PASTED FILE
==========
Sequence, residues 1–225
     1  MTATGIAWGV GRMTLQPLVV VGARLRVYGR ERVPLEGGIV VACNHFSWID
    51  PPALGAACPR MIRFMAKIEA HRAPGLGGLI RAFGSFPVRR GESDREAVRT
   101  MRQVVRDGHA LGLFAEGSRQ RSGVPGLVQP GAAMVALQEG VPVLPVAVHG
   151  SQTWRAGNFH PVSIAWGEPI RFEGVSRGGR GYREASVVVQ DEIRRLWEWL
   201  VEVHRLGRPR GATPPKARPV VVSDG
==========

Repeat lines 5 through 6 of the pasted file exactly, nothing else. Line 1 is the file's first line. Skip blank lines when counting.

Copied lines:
   151  SQTWRAGNFH PVSIAWGEPI RFEGVSRGGR GYREASVVVQ DEIRRLWEWL
   201  VEVHRLGRPR GATPPKARPV VVSDG